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Discussion Starter · #1 ·
I'm really having a problem and I need recommendation.. Two years into guitar.. I can play like the whole of Master of Puppets and songs that are a bit up tempo but nothing like Gilbert..I can say I have decent speed and decent rhythm.. But maybe I need more speed? more rhythm? Recently, I've just been sitting stupidly playin nothing on my guitar.. and I dnt know any music theory because it doesnt make sense to me.. and I dont really have any practice planned out.. like ever since I've moved here, I felt I've gone backwards like my pick feels weird (seriously!).. so what do you think i should go onto now? learn more songs?.. figure out a whole book on theory?
 

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I suggest that you learn a bit of music theory. Listening to a wide range of artists isn't bad too. Listening to artists like Pat Metheny and Vai will help you understand music better (i.e the composition of the song, musical direction etc). Practicing scales will help you improve your speed, especially if you have a metronome. You may want to hear from more experienced players on this site, as I'm kinda in your position at the moment. :)
 

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It appears that you don't have a goal in mind.

Think of that. Things like "Playing like Gilbert" are too general. What specifically do you want to do? That will help you decide your next steps. Thing to keep in mind is that playing nonsense could still be helpful, especially when it comes to improvising, and composing. Also, structure your practices. Do things like the Rock Discipline thing (start with warm ups, stretching, then do scales, then do legatto stuff, arps, chords, then do what your goal is (or work on it)).
 

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Hi. I would highly suggest getting in a band or just finding some friends to play with. You'll be amazed at how much that can give you direction as well as incentive to practice on your own. Playing with a decent drummer will let you know pretty quickly how your rhythm chops are. Good luck and have fun... that's what it's ultimately about.
 

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The slower you play the faster you'll be.Wired I know but it does help to tell what your weaknesses are.
Speed takes time but isn't the b all & the end all of guitar playing.Although I can shred my nut's off.Pink floyd doesn't go at anywere near the speed that Via/Satch/Patrucci go but does as good! I like to play fast myself & it's taken years.What you should do is listen to your hero's & they will cahnge through the years & then adjust what why have learnt to build upon your own style.Then your be a playing guru in no time.It just takes time.
 

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Discussion Starter · #7 ·
mi2tom said:
I don't know what happen to you but maybe you aren't enjoying what you're playing
Not saying this in a bad way.. but nah.. i'm not losing interest.. in fact, one of the reasons why I learnt guitar was that i realized i could make/play music and create sounds that are appealin to people's ear.. kinda weird.. but ya.. it's just that i'm not developing as much as i had i guess is what im trying to say.. I guess what I'm saying is.. should I ultimately focus on techniques or on music theory now and move on? Ps. know any sites where they teach music theory in English and not in their own language? Thanks!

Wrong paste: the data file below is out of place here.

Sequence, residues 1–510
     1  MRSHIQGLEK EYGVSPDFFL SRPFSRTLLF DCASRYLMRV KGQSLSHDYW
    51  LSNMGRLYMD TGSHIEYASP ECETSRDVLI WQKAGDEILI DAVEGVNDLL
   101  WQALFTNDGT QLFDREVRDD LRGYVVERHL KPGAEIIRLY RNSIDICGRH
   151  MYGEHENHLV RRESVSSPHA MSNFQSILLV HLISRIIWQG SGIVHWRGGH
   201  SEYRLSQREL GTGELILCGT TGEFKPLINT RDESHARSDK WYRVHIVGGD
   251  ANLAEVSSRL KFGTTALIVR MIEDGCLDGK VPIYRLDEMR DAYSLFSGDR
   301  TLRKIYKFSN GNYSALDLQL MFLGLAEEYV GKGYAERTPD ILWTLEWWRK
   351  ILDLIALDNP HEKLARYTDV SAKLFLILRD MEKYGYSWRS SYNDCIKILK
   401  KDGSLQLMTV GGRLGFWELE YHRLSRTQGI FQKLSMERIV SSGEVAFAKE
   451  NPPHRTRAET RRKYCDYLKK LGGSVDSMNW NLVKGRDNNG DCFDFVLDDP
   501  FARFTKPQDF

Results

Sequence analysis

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I agree with Ibateur, in that it seems that you don't have any specific goal(s) in mind.

One thing you can try is to just jot down your short term goals. For example some things that you'd like to "get done" within the next month or two months. (i.e.: Learn a "showcase piece", get into a band, improve your scale knowledge, metronome work, etc....)

Then, also jot down your long term goals. Things you hope to acheive over the next 6 months to a year. (i.e.: Gig with your band, begin writing your own songs, etc....)

Doesn't necessarily have to be anything that is listed above, those are just suggestions. It really comes down to what's important for you.

I don't think you need to focus on any one thing specifically. All things contribute to the big picture.

If you don't have a "practice routine". Meaning, if your current practice session is basically made up of you just noodling aimlessly. Then, you might want to put some order to it. This way you're actually "getting something out of it".

- Warm up (includes scale/metronome work)
- Work on songs, or showcase piece. (Try to learn entire songs, instead of just little bits and pieces.)
- Work on your WEAKNESSESS. Perhaps there's a part of a song you are having difficulty with, OR it might be a very small section of a solo that's giving you trouble.

Whatever it may be, when you hit that trouble spot, STOP and see what the problem is. Then, put together your own exercise to address that problem.
- Work on "the little things", like vibrato, bending in tune, phrasing, inflection, etc...
- Learning Modal Theory at least will help you understand "what's going on". Which will help you find more possiblities. The rest comes from your own creativity, and your ears.

Like Ibateur mentioned, "Playing like Paul Gilbert" is too broad of a statement, and is not really a "goal". But, it is a start.

Meaning, break out your metronome, learn how to sub-divide beats, and get your picking in order....(Warm-up section of your practice session) Then, take it from there.

"What else do you want or feel you need to learn/do in order to "Play like Paul Gilbert"?

Hopefully some of this helps.
 

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arthurlee04 said:
Not saying this in a bad way.. but nah.. i'm not losing interest.. in fact, one of the reasons why I learnt guitar was that i realized i could make/play music and create sounds that are appealin to people's ear.. kinda weird.. but ya.. it's just that i'm not developing as much as i had i guess is what im trying to say.. I guess what I'm saying is.. should I ultimately focus on techniques or on music theory now and move on? Ps. know any sites where they teach music theory in English and not in their own language? Thanks!